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Author's profile photo Rüdiger Plantiko

Playing the JSONata the iXML Way

Usually, a JSON string will be created at once in a final step of request processing. But in some cases, the whole data object has to be composed from pieces. In this case, a JSON writer instead of a transformation will be more appropriate. In this blog, I show a writer object that works internally with an iXML DOM and has a more flexible interface than the sXML string writer recommended in the docu for this purpose.

Producing the Result Piece by Piece

The ABAP documentation shows how to produce JSON piece by piece with a string writer – to be precise: with class cl_sxml_string_writer. In the end, it is always this class that is needed to produce a result. But this doesn’t mean that they are required for the process of building the JSON-XML document as well. Any way to produce an XML document is viable.

In the demo program of the ABAP documentation, an auxiliary method write_element() is used to propagate data into the JSON-XML in being:

method write_element.
  writer->open_element( name = name ).
  if attr is not initial.
    writer->write_attribute( name = 'name' value = attr ).
  if value is not initial.
    writer->write_value( value = value ).

With this additional method and the String Writer’s proper methods open_element() and close_element(), the ABAP docu gives the following code sample to produce a JSON data object:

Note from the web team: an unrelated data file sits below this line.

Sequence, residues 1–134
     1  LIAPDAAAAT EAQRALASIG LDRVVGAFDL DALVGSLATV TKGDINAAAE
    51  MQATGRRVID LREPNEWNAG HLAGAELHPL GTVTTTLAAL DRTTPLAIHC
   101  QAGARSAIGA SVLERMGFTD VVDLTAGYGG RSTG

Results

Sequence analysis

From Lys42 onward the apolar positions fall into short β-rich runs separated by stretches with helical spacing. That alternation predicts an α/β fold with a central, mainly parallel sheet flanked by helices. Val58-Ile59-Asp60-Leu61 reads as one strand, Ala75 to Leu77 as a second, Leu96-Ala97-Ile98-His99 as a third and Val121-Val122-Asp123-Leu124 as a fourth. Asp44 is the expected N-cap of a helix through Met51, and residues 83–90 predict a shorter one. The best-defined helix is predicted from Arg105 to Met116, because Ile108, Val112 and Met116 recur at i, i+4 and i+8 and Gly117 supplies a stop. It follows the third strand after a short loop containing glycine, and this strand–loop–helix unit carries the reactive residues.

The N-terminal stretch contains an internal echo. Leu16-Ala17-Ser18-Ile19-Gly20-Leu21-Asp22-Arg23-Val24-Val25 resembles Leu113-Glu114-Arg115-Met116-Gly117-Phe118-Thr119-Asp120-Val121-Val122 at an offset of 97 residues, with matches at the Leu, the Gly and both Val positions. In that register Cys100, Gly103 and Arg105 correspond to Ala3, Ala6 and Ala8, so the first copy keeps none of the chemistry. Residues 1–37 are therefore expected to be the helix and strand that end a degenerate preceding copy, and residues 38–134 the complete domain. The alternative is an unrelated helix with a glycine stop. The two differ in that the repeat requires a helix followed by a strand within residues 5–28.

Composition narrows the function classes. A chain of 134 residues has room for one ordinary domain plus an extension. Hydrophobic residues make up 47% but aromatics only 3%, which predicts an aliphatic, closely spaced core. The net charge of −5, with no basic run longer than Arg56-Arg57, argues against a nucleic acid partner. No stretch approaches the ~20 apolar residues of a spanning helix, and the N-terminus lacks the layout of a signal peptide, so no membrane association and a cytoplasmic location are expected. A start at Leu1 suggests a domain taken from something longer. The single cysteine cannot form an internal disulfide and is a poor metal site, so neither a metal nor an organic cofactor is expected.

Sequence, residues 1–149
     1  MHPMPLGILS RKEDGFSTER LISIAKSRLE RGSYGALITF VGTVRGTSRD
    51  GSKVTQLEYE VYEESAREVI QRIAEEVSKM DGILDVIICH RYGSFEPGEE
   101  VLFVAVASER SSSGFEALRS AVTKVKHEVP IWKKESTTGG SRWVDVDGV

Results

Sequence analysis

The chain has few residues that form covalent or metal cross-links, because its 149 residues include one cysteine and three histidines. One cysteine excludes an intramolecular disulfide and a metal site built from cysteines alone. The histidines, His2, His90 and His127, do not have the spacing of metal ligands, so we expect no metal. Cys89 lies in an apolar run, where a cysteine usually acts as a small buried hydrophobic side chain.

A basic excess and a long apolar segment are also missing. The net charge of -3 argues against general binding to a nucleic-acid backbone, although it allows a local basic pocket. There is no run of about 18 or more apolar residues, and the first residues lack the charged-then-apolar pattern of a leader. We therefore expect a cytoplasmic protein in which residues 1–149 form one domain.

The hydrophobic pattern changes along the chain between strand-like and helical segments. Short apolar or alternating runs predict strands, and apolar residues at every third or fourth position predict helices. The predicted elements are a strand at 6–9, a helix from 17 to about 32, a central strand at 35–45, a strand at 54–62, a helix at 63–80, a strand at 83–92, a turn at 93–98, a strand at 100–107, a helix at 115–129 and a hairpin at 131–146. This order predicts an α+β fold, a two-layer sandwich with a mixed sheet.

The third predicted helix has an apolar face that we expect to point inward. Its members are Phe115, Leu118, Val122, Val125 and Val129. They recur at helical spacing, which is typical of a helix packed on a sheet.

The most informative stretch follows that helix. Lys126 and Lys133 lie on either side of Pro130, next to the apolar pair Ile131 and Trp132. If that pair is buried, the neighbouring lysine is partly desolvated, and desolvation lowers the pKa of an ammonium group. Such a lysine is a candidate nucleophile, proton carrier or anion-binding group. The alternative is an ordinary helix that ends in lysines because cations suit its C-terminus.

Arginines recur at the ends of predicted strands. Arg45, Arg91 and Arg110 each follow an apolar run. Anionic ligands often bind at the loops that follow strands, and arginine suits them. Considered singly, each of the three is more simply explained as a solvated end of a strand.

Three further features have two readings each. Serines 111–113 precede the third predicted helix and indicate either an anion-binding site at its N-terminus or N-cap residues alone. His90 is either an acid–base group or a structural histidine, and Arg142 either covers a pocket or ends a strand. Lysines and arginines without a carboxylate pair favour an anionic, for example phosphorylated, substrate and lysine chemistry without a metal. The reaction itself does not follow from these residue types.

write_element( name  = 'object' ).
write_element( name  = 'str'    attr = 'order'
               value = '4711' ).
writer->close_element( ).
write_element( name  = 'object' attr = 'head' ).
write_element( name  = 'str'    attr = 'status'
               value = 'confirmed' ).
writer->close_element( ).
write_element( name  = 'str'    attr = 'date'
               value = '07-19-2012' ).
writer->close_element( ).
writer->close_element( ).
write_element( name  = 'object' attr = 'body' ).
write_element( name  = 'object' attr = 'item' ).
write_element( name  = 'str'    attr = 'units'
               value = '2' ).
writer->close_element( ).
write_element( name  = 'str'    attr = 'price'
               value = '17.00' ).
writer->close_element( ).
write_element( name  = 'str'    attr = 'Part No.'
               value = '0110' ).
writer->close_element( ).
writer->close_element( ).
write_element( name  = 'object' attr = 'item' ).
write_element( name  = 'str'    attr = 'units'
               value = '1' ).
writer->close_element( ).
write_element( name  = 'str'    attr = 'price'
               value = '10.50' ).
writer->close_element( ).
write_element( name  = 'str'    attr = 'Part No.'
               value = '1609' ).
writer->close_element( ).
writer->close_element( ).
write_element( name  = 'object' attr = 'item' ).
write_element( name  = 'str'    attr = 'units'
               value = '5' ).
writer->close_element( ).
write_element( name  = 'str'    attr = 'price'
               value = '12.30' ).
writer->close_element( ).
write_element( name  = 'str'    attr = 'Part No.'
               value = '1710' ).
writer->close_element( ).
writer->close_element( ).
writer->close_element( ).
writer->close_element( ).

Ideas for Improvements

Being aware that this is code from a documentation (which has other standards than productive code), I see some possible improvements: